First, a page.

Structure in Milton's Poetry

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Penn State Press, 31 jan. 1991 - 202 pagina's
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Milton's skill in constructing poems whose structure is determined, not by rule or precedent, but by the thought to be expressed, is one of his chief accomplishments as a creative artist. Professor Condee analyzes seventeen of Milton's poems, both early and late, well and badly organized, in order to trace the poet's developing ability to create increasingly complex poetic structures.

Three aspects of Milton's use of poetic structure are stressed: the relation of the parts to the whole and parts to parts, his ability to unite actual events with the poetic situation, and his use and variation of literary tradition to establish the desired structural unity.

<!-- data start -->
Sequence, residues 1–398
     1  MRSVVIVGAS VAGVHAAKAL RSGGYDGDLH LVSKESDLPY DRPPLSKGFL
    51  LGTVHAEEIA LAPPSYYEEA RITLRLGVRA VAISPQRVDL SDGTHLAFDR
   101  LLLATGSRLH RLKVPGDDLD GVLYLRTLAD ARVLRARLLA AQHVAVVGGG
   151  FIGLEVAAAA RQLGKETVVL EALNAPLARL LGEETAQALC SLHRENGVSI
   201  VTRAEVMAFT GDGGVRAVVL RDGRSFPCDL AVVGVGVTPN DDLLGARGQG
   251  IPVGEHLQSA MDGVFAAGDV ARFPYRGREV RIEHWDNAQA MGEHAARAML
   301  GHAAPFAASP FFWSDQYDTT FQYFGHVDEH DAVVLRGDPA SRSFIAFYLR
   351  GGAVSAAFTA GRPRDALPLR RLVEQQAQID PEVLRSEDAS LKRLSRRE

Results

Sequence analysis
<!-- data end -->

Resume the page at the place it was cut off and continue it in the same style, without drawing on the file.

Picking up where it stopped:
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Inhoudsopgave

Acknowledgments
Miltons Poetical Architecture
The Dynamic Structure of Paradise Lost
The Early Latin Poems and Lycidas
The Fair Infant Elegia Quinta and the Nativity
The Companion Pieces and Ad Patrem
Comus as a MultiDimensional Poem
Mansus and the Panegyric Tradition
Epitaphium Damonis as the Transcendence over the Pastoral
Samson Agonistes and the Tragic Justice of Gods Ways
Paradise Regained as the Transcendence over the Epic
The Developing Concept of Structure in Miltons Poetry
Notes Works Cited
Index
Copyright

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Over de auteur (1991)

Ralph Waterbury Condee is Professor of English Literature and Humanities at The Pennsylvania State University, coauthor of The Case for Poetry, and author of articles on Milton in The Yale Review, Philological Quarterly, Studies in the Renaissance, and The Journal of General Education.

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